The employee-owned business, which has been outperforming competitors for more than a year, said that sales at its 32 department stores increased 2.6 per cent to £53.4m in the week to August 20.
Sales excluding VAT sales tax increased 1 per cent.
“Against a background of the country returning to post-unrest normality, media reports of falling disposable incomes, extraordinary turbulence in the financial markets and changeable weather, it was encouraging to see sales perform creditably again,” the 147-year-old firm said.
John Lewis said key to its resilient trading was the performance of its online business, which saw sales growth of 33 per cent.
Its Oxford Street store was the top performing branch, with a sales rise of 5.2 per cent, followed by Solihull and Glasgow.
Electrical and home technology sales were up 7.7 per cent, with tablets out-selling desktop PCs for the first time, while fashion sales were up 4.4 per cent with new brands driving much of the growth, and home sales down 1.7 per cent.
Consumers are grappling with rising prices, subdued wage growth, a lack of credit, job insecurity, a stagnant housing market, government austerity measures and fears of eventual interest rate rises.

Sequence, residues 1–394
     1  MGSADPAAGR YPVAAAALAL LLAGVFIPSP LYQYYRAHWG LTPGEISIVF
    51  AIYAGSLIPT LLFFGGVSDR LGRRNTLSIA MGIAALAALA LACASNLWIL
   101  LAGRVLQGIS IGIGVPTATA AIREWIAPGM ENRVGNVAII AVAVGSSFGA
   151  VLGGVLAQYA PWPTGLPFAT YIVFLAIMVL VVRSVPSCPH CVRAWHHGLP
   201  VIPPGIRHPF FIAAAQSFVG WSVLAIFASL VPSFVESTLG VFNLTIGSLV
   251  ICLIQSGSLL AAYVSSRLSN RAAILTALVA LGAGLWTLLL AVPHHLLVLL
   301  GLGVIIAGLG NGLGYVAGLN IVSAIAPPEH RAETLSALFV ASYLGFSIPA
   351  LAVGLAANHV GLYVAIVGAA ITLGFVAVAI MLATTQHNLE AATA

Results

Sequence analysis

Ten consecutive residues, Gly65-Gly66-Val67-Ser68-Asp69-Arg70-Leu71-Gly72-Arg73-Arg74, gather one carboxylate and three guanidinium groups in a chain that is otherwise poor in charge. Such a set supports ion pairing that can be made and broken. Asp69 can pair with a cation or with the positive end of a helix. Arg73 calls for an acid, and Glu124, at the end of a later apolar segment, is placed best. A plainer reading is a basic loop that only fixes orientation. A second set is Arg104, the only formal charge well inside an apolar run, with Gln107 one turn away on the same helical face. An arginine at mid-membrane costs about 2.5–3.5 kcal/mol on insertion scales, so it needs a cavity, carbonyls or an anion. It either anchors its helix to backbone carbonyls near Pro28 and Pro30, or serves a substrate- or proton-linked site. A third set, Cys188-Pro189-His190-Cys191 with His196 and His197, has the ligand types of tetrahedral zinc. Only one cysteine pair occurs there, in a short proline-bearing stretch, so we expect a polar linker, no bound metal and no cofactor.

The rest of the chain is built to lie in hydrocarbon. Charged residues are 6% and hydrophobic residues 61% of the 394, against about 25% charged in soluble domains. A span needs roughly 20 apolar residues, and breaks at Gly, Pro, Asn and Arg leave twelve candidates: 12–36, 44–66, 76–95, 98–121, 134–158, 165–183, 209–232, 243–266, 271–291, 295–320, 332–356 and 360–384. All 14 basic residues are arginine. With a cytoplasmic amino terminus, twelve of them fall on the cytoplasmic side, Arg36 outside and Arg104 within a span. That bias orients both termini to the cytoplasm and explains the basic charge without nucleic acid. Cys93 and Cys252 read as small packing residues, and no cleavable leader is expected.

Analysts fear riots in several cities this month and a sharp decline in the stock market will have a further negative impact on sentiment.
Retail sales fell in August at the fastest pace in over a year, a CBI survey showed this week, while building society Nationwide said consumer confidence edged down further in July – more signs that subdued consumption will remain a major drag on the fragile economic recovery.
The John Lewis figures come a day after The Co-operative retailer reported a 10 per cent decline in half-year underlying profits and its boss Peter Marks said conditions were the worst he had known in 40 years.
Kate Calvert, a retail analyst at Seymour Pierce stockbrokers, said it had been an encouraging week for the chain given the “doom and gloom”.